Review: Sharon Morgan: Actores a Mam
The latest instalment of Sharon Morgan’s memoirs presents us with the myriad challenges of the acting life and of life itself, no least that of trying to act at all when you’re pregnant, or even more so when a new mother, trying too breastfeed or be in three places at once.
Luckily Morgan’s own mother helped in every way possible and her indomitable spirit presides over the book, right up until her death from lung cancer, which she faced with the sort of fortitude one would expect from her after reading about her.
Like its predecessor volume, Hanes Rhyw Gymraes, the new book is candid and crisply written, offering many insights into theatre-making and its colourful characters both on and off of the stage.
There’s the time-killing involved in making films and tv, and the uncertainties of money coming in to pay the bills. Throughout all of this we see an actor committed to the craft of acting, often turning down better paid work for stuff that challenges, probes or pushes Morgan further.
The teetering balancing act between being a mother and being an actor, plus the pressures of having to make a living made Morgan very aware of the inequalities of the sexes and made her a feminist, reading her way into the subject through the works of the likes of Margaret Drabble, Betty Friedan and Marilyn French and confirming her beliefs.
But, as she avers, by the time the third wave of feminism broke the first two had yet to do so in Wales.
The book starts with the testing and difficult birth of Morgan’s son, Steffan and his life is also an arc in it, as we track his progress through school and aikido and his growing love of football and see how there’s something inevitable about his becoming a maker of tv programmes as he appears on telly at an early age and spends a lot of time on various sets.
A lot of inspiring things happen to Morgan during the years here described. The Wooster Group bring their brand of experimental theatre to Cardiff’s Chapter Arts centre. She lands a plum role alongside Ronnie Baker in ‘The Magnificent Evans’ and acts alongside Glenda Jackson in Karl Francis’ ‘Giro City.’
And then there is the dizzy excitement of being involved in the early productions of Ed Thomas’ ‘House of America’ described by David Adams in The Guardian as ‘an explosion of guilt, passion, angst and cultural concern, in which murder, incest, fantasy ad matters of identity are interwoven.’
Then there is acting in Siwan Jones’ ‘Tair Chwaer’ for tv, both a critical and popular hit and, pivotally, her involvement with Teliesyn, the tv co-operative that gave her many important opportunities both as an actor, and latterly as a presenter, often highlighting women’s lost histories.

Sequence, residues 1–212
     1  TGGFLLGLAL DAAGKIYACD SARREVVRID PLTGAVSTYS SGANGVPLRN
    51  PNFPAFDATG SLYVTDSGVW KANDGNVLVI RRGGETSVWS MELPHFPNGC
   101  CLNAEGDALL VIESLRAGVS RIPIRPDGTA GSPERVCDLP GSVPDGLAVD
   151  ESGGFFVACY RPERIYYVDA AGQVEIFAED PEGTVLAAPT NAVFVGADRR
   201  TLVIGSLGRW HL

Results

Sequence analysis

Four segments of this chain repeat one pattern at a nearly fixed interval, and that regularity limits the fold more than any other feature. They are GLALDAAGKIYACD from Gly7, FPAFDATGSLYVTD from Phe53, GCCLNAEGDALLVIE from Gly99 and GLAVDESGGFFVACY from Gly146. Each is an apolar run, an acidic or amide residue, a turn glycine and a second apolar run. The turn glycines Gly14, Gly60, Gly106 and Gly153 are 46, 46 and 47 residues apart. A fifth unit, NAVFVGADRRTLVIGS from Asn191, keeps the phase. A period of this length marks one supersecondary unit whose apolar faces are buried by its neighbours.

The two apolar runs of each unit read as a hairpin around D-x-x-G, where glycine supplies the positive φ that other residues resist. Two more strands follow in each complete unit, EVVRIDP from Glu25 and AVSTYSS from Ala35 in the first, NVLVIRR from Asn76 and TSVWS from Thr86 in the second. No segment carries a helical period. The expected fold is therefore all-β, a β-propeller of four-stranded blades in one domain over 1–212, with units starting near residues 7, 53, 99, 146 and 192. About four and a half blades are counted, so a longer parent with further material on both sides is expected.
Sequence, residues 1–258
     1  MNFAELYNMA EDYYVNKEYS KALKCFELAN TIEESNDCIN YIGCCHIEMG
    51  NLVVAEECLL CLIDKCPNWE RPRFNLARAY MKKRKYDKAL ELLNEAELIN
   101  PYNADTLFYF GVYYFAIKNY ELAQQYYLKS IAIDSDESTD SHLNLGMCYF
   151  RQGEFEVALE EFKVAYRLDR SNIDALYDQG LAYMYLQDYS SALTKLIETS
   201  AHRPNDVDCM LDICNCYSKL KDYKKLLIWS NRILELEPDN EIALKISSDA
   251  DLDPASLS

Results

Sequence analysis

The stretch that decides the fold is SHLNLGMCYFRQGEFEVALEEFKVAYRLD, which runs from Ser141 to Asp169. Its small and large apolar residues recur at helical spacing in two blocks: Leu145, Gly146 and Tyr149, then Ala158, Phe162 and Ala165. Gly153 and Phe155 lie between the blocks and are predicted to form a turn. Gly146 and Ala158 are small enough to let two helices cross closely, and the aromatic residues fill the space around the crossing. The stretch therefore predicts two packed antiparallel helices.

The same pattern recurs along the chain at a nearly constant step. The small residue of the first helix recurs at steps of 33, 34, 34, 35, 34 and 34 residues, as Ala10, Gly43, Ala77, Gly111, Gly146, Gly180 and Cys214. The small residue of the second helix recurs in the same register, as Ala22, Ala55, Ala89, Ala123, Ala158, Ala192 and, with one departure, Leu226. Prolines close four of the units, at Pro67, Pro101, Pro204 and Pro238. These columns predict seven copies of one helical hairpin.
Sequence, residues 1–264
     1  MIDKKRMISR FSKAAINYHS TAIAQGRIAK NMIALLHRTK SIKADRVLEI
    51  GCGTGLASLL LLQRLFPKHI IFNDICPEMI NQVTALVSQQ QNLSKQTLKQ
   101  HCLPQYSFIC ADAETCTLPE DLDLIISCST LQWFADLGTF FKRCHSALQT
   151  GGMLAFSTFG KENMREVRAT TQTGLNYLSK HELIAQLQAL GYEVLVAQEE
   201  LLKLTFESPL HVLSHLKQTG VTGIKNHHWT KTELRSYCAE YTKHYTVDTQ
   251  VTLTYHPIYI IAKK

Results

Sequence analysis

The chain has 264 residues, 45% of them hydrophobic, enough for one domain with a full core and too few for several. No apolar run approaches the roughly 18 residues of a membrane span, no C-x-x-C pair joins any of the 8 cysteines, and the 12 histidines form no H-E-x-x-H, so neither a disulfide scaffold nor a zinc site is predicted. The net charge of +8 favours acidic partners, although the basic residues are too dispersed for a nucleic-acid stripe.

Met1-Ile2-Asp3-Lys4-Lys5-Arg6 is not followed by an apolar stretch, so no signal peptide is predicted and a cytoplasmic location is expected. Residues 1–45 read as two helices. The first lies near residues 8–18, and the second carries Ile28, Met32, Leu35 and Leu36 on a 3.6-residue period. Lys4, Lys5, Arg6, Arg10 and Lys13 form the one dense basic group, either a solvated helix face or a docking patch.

But plenty of things also go wrong in the world of acting and often on set. There’s the comedy of errors that is a Welsh language version of George Borrow’s ‘Wild Wales’ where the heavy lighting equipment is almost washed away in a flood while the shambolic director is christened ‘Ffa Ffa’ because she knows eff all about eff all.
Creativity and politics are two mainstays of Morgan’s life, and she has been an active campaigner on language issues and women’s rights.
The book charts her development as a writer even as it shows us how she tried to be a director and chose another path.
She also tells us about her relationships and the break-ups too, all adding to the sense of how difficulty often threatens to meld into impossibility when it comes to making a living as an actor while also being a single mother.
And when she becomes a mother again, in her forties, there are great surges of love for her daughter Saran, but also the juggling acts become ever more difficult, more testing and tiring.
The book is not short of strong opinion. Morgan, a self-described anti-authoritarian rails against the fact that S4C’s entire budget is that of just two episodes of ‘The Crown.’
She bristles at the way BAFTA Cymru has become more corporate, ironically distancing itself from Wales as big companies from outside move in.
She also criticizes the phenomenon of ‘Welshface’ where English actors are cast in productions over Welsh ones when they can’t do the accents, or in the case of Welsh language productions, can’t even read the words held up on a board for them.
We all know of such examples. Morgan cites some of the casting in the cinema version of ‘House of America’ among egregious examples. It’s a film that left her personally disappointed.
Despite all the challenges that came her way and the obstacles that were strewn in her path, we also know from the calibre of the work that Morgan took the opportunities when they came and fashioned some of them for herself, from penning one-woman shows (and actually penning them, as she shunned the use of a computer) and winning not one but three BAFTA awards for her performances.
She has acted in three languages – in English, Welsh and French – and was a mainstay as the cool-headed pathologist in the grisly ‘A Mind to Kill’ and had some really memorable roles in films such as ‘Martha, Jac a Sianco’ which almost had her typecast as a tragic farmwife thereafter, but not quite.
Here is another frank and engaging account of a period of Sharon Morgan’s life, a charting of the rise and fall and rise again of a struggling actor, flailing against life’s injustices, or noting the diminishing opportunities for actors in Wales as such bodies as the BBC diminish their commitment to local drama to vanishing point.
And throughout all this, as the title of the book portends, Sharon Morgan carries off the most testing and rewarding role in life, that of being a mother.
It’s one without newspaper plaudits or encores, but it’s clearly the one that had given her the greatest rewards, a son and daughter, being extraordinary awards that she clearly treasures beyond words.
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